When I hear executive assistants talk about being frustrated with their megas, it usually means that the two of them are not having enough conversations.
And if we’re being honest here, if you’re frustrated with your mega, I’m pretty sure your mega is frustrated with you too.
This is a big problem. The two of you need to be on the same page. You don’t always have to agree, but you have to come to an understanding about clear courses of action and what the expected outcome of those actions should be.
My mega Ron and I are usually on the same page about most things. And when I’m frustrated that the business isn’t growing quickly enough, it does me no good to sit in my office and be frustrated. I have to open myself to a conversation with Ron. It’s during those conversations that I’ll learn that Ron is just as frustrated as I am. So we’ll put our heads together and decide on a course of action. Some things that have happened out of these meetings is a plan for better planning around events, reworking our email drip campaigns, making the decision to work open house (which we’d previously never done), and making the decision to pull all leads into our database (which we’d previously never done).
A conversation absolutely must include how you feel about the topic.
I was talking with our transaction manager, Courtney, about how a particular team meeting of ours had gone. At the team meeting, we discussed moving our team meeting to later in the day. There were two options on the table: 9:00 AM and noon. When asked which one people would prefer, most people didn’t have a preference. Which was totally not helpful! So I finally had to make the decision myself and told everyone, “Let’s move it to 9:00 for the next few weeks and see how that goes. If we don’t like it, we can move it to noon.”
When having a conversation, you must have an opinion and voice it. How do you feel about the topic? If things don’t change, what does that mean for you or for the business? If you could wave a magic wand and things would go perfectly, what would that look like and how would you feel about it?
Some of us wear our hearts on our sleeves and pretty much anyone in the room can sense how we’re feeling at any given moment. If that’s you, you probably don’t have any trouble communicating your feelings in a conversation. In fact, you may be known to take things to extremes and sometimes create unnecessary drama.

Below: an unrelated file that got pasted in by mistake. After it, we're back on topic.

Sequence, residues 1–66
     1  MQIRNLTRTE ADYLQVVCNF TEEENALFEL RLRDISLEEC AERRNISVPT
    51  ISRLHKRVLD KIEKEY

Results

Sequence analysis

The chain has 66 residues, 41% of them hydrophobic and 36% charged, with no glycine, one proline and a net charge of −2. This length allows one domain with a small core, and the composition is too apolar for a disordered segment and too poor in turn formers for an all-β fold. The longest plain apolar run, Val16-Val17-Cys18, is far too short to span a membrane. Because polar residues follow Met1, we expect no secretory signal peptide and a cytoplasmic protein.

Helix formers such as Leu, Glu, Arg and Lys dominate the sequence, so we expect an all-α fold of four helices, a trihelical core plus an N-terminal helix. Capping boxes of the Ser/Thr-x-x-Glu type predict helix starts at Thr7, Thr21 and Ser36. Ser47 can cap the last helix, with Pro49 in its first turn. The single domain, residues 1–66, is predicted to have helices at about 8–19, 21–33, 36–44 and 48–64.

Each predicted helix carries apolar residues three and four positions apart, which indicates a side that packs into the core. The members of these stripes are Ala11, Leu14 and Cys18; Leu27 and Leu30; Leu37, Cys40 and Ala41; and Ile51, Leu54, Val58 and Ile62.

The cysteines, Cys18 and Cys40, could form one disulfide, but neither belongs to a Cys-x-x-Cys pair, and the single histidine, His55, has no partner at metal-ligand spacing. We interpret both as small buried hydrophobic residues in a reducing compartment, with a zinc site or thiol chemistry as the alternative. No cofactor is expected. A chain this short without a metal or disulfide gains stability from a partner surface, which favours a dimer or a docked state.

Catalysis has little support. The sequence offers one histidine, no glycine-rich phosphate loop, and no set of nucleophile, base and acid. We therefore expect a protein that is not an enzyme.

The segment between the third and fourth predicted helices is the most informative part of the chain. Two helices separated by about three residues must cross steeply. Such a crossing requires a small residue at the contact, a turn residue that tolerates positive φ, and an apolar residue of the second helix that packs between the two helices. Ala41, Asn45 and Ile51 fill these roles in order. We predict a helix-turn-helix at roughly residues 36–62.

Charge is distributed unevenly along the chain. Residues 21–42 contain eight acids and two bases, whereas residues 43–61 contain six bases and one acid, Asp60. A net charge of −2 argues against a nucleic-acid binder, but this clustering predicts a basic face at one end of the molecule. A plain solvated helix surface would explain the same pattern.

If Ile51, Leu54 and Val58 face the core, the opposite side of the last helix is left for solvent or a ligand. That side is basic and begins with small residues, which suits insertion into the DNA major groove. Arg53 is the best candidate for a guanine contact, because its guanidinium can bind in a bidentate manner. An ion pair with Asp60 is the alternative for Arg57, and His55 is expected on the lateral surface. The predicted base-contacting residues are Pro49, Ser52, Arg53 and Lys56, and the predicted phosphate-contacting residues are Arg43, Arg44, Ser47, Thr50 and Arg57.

Others of us are all business all the time. If we’re at work, we’re there to work. If that’s you, you don’t open up much of your personal life to anyone at the office. You don’t get overly enthusiastic or overly upset at things. You’re the one who’s not communicating your feelings and who’s in danger of letting things get to a breaking point where you have a meltdown or you simply start looking for a new job.
You and your mega have to check in with each other. Ask each other, “Are you happy? If so, what are you happy about? If not, what’s upsetting you?” Everyone deserves to be happy at work. And if your strategic partnership with your mega is going to be effective, you have to be willing to have this conversation. When people aren’t happy, it leads to poor performance at work. Why would anyone continue working at a place where they aren’t happy?
It’s incredibly important to let your mega know what’s on your mind. Your thoughts are a conversation you’re having with yourself and if you don’t let your mega in on that conversation, you hinder the relationship.
In the book Fierce Conversations, which I highly recommend you read, Susan Scott says:
We filter our private conversations, making public only what we assume will be heard, will not upset people, will get us what we want, and so forth. When we keep important thoughts private, our ability to learn and to make good decisions is reduced. But if we say what we think, we are afraid it will make things worse by upsetting people or making ourselves vulnerable.
I challenge you this week to work up the courage to have a conversation with your mega about something that’s been on your mind. Whether you want to bring to her attention an idea you’ve had or an opportunity for improvement, or even simply to tell her how much you love and appreciate her. What have you been keeping private that will benefit everyone if you were to have a conversation about it?